|The Harvest Cradle|
John Linnell (Source)
And that is so terribly wrong.
Most cultures have some form of harvest festival. Though the traditional American Thanksgiving celebration occurs well after the harvest. At least here in New England it does, I can't speak for other areas of the country, not being all that familiar with agriculture outside of my native land. (Truth be told, The Missus Herself has the green thumb. I lift heavy things and move dirt as required and as directed by the keeper of the gardens.)
I look forward to Thanksgiving every year, though for a long stretch of time that was not the case. After leaving my parents' hearth and home to venture forth into an indifferent world, I might have partaken of a Thanksgiving repast in the chow hall. Those meals must have been indifferent at best as I don't remember them at all.
Once we had children, and when The Naviguesser was of an age to appreciate it, I began to get back into the celebration of the holiday. When our son was young, schools still taught the lessons of the first Thanksgiving, much as I had learned them when I was a boy. Do schools even teach that anymore? Or do they now worship at the progressive altar as so many do?
Satan must be very pleased with that.
For this holiday does have a religious component, a sacred component if you will. While I have had my differences with organized religion in the past, I have reconciled myself to the need for some sort of organization to one's beliefs. Even if that might only extend to the comfort of worshiping in the company of like minded believers. No doubt I would have been denounced as a heretic in the Middle Ages. God gave me a mind and the ability to use it. It would insult Him if I didn't do so and merely followed the crowd.
Never been much of a crowd guy to tell the truth. I don't march to the beat of a different drummer. I have my own marching band at times. (Pipes and drums for the most part. The Celt in me prefers such things. Though sometimes a good military band with brass and drums and the like is oft enjoyed when I'm in the mood.)
A few folks have mentioned some trepidation at the coming feast. The thought of the recent election raising its ugly head at the table should give one pause. My own beloved Madame Mère asked me if I had calmed down since the election. (I might have expressed an opinion or two back in October when I last saw her.) I assured her that my own preferred candidate wasn't even in the running and that while I wasn't "unhappy" with the result, I wasn't exactly "happy" either.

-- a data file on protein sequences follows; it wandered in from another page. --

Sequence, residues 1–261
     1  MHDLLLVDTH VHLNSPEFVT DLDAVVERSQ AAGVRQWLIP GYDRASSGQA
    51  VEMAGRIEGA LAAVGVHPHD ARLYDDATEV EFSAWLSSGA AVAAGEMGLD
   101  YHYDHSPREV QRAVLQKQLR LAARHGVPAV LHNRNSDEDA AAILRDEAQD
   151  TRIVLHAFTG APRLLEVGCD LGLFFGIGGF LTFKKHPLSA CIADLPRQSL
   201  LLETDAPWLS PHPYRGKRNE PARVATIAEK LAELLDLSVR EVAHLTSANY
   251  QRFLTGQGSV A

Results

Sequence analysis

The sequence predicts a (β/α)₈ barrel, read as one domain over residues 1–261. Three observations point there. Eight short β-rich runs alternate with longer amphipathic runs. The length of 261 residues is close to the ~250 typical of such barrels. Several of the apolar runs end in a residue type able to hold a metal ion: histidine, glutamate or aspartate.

When Major John André was led out to be executed as a spy, he balked at the sight of the gallows. He had requested a firing squad as he felt it more in keeping with his dignity as a soldier. I suppose that if General Washington had relented and given him his request, he would not have been "unhappy." But "happy" wouldn't describe his feelings either, I suppose.
While I do feel that the Republic is in no immediate danger, one never knows. The crew of the Titanic still had hopes of saving the ship until they realized the extent of the damage. While I do think the country has been damaged, I still have hope.
As to the election, I personally feel that the country dodged a bullet. I have many friends and not a few family members who disagree with that assessment. While I can't say I understand their perceived pain, it is real to them.
We dodged a bullet, but no cease fire has been declared. Yet. Time will tell where this will all end up. Again, I have hope.
For the Thanksgiving celebration I hope we can all set aside our differences for a day, maybe an entire week. There is much to be thankful for, all things considered. We still live in the best country in the world (though I am biased there, no doubt some of my readers will take offense and say their own lands are pretty darned nice, and they wouldn't necessarily be wrong), we have food to eat, roofs over our heads, and people who love us.
If we can't set aside our differences and join together as family, as friends, then I fear the damage may indeed be too great to save this great experiment in freedom.
But again, I have hope.
I always do...
May you have a Blessed Sunday.